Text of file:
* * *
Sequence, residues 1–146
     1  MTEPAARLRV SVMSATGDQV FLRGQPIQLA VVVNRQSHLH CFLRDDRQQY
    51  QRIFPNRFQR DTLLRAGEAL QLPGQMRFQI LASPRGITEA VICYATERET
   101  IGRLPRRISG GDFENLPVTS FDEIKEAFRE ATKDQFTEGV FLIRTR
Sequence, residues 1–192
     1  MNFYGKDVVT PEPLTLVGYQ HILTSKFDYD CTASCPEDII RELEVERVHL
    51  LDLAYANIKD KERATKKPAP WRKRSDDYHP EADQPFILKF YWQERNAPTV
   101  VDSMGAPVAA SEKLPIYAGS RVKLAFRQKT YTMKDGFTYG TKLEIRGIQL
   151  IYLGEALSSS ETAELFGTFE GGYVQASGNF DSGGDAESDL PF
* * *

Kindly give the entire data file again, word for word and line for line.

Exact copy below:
Sequence, residues 1–146
     1  MTEPAARLRV SVMSATGDQV FLRGQPIQLA VVVNRQSHLH CFLRDDRQQY
    51  QRIFPNRFQR DTLLRAGEAL QLPGQMRFQI LASPRGITEA VICYATERET
   101  IGRLPRRISG GDFENLPVTS FDEIKEAFRE ATKDQFTEGV FLIRTR
Sequence, residues 1–192
     1  MNFYGKDVVT PEPLTLVGYQ HILTSKFDYD CTASCPEDII RELEVERVHL
    51  LDLAYANIKD KERATKKPAP WRKRSDDYHP EADQPFILKF YWQERNAPTV
   101  VDSMGAPVAA SEKLPIYAGS RVKLAFRQKT YTMKDGFTYG TKLEIRGIQL
   151  IYLGEALSSS ETAELFGTFE GGYVQASGNF DSGGDAESDL PF